NMCR 2010 poco – thelegonus


Some more Trichocereus that were still at NMCR in 2010:
from poco albiflorus through thelegonus.


This is the final photo set of our 1 August, 2010 visit to New Mexico Cactus Research.
The featured image above illustrates how the cacti had overgrown some of their tags. Many of the plant tags were in rough shape, some were missing completely, some were missing a part of the tag and some had become illegible.
More images illustrating the new growth on all of the cuttings which Horst kindly provided will be coming in the future.


Trichocereus poco albiflorus

From Cuchu Ingenio, Bolivia. Tag also had the note “possibly Argentina”
Seeds had been collected by “DM” and were obtained by NMCR 4/1977, Horst planted them in April 1980.
Now lumped with Trichocereus tarijensis.




Trichocereus riomizquiensis

FR856 type from Chuyllas, Bolivia (Rio Mizque).
Seeds had been obtained from Riviere de Carault in November of 1972 and were planted on the first of July in 1980 by Horst.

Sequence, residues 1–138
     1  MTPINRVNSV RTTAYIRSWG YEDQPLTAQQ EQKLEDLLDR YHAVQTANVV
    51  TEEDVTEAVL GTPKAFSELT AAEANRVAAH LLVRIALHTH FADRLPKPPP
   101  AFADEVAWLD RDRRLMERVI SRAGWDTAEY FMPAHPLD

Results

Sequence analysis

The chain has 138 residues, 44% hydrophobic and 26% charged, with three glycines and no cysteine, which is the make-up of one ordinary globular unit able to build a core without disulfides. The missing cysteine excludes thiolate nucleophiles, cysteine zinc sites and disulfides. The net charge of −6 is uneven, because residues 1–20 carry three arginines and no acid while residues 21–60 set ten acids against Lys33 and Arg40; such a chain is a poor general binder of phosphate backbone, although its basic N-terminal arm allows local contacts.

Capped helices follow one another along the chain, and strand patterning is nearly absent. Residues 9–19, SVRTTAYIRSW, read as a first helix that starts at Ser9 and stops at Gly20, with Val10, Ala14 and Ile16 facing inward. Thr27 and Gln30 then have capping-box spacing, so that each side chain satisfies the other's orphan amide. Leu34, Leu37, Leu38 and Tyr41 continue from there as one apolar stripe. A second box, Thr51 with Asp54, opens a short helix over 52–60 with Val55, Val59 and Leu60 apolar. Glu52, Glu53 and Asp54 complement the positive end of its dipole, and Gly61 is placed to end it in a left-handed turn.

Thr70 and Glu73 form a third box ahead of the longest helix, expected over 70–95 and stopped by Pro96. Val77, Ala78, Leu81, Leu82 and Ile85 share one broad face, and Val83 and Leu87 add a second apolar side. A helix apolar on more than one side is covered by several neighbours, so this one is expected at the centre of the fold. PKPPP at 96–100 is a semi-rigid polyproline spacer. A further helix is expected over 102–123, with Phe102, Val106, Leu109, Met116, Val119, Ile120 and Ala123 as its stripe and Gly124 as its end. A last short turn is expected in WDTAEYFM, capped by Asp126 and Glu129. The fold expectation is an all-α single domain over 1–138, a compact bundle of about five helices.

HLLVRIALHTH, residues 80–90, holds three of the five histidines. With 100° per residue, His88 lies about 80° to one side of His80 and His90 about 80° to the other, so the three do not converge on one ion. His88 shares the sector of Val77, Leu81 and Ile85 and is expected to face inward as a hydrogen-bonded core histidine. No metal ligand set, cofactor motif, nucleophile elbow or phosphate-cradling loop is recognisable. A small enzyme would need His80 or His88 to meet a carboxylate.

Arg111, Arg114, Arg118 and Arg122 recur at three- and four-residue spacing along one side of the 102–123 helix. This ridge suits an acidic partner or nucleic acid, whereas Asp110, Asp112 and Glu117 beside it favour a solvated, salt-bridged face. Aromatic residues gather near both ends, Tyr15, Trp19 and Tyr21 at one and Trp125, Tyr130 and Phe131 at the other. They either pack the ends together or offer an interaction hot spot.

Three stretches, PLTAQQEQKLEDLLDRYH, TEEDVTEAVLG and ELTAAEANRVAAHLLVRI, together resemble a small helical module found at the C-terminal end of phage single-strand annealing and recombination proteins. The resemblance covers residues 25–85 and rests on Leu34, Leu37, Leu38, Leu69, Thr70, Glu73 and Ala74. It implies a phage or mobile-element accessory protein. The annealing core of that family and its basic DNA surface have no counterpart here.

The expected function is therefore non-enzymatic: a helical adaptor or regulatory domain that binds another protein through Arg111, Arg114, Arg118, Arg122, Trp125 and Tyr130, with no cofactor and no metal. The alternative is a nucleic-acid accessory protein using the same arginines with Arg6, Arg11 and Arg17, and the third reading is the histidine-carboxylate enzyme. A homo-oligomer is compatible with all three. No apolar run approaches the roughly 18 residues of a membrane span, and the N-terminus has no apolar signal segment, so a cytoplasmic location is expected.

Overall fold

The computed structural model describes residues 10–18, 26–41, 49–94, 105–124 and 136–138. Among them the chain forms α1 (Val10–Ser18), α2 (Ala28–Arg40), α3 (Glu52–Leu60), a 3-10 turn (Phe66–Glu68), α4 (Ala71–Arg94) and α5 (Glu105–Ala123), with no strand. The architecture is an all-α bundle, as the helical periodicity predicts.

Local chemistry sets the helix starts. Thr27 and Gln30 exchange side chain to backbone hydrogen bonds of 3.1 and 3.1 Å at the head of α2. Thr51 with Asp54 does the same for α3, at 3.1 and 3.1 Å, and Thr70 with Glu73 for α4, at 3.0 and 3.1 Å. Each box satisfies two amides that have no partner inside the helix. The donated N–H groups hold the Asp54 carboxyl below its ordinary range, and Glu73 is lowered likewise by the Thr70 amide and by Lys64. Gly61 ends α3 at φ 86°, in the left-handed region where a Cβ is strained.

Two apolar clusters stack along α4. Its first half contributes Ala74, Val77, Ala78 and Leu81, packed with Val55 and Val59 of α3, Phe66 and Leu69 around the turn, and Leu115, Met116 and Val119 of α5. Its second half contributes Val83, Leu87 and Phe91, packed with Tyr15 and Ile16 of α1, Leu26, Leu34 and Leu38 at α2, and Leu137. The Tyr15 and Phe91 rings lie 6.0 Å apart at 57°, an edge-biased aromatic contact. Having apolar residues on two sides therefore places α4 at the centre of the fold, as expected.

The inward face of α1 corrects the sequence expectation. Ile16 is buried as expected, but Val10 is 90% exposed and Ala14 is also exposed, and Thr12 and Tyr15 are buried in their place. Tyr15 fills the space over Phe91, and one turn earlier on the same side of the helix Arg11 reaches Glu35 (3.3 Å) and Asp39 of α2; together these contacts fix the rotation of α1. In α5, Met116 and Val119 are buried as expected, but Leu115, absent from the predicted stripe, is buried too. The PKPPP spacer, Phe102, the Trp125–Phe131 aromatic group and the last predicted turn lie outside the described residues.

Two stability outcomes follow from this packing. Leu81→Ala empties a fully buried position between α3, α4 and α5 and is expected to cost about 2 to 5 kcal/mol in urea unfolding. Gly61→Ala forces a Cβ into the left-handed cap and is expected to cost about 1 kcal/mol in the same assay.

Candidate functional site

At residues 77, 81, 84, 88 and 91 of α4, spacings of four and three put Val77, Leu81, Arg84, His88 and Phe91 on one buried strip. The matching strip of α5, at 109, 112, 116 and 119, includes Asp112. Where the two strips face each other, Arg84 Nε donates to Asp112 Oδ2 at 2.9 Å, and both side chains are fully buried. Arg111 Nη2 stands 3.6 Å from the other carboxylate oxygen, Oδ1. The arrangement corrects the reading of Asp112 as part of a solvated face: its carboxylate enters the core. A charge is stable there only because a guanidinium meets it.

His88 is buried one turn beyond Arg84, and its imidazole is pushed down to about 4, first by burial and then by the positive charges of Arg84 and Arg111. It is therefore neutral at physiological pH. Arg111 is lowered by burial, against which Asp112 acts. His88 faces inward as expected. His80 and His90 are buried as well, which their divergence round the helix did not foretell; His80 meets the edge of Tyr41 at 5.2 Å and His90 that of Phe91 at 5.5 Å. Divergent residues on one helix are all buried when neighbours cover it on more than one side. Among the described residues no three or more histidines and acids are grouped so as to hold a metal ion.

Trichocereus rubinghanus (I am presently unable to locate this name.)

Grown from seeds obtained from Riviere de Carault but missing a tag.




Trichocereus scopulicolus

 FR991 grown from seeds that Horst obtained from Riviere de Carault. They were planted in 1980. Date of seed acquisition is unknown due to partial tag destruction.




Trichocereus spachianus forma brevispinulus

Grown from seed provided by RIV. Horst described this as being an old form which is present in European nurseries.




Trichocereus strigosus

Seeds were obtained from “Lopez” in June 1976; they were planted in July of 1980.




Trichocereus terscheckii

“Cardon Grande” from Argentina. Seeds came from “Lopez” in February 1976; Horst planted them July 1980.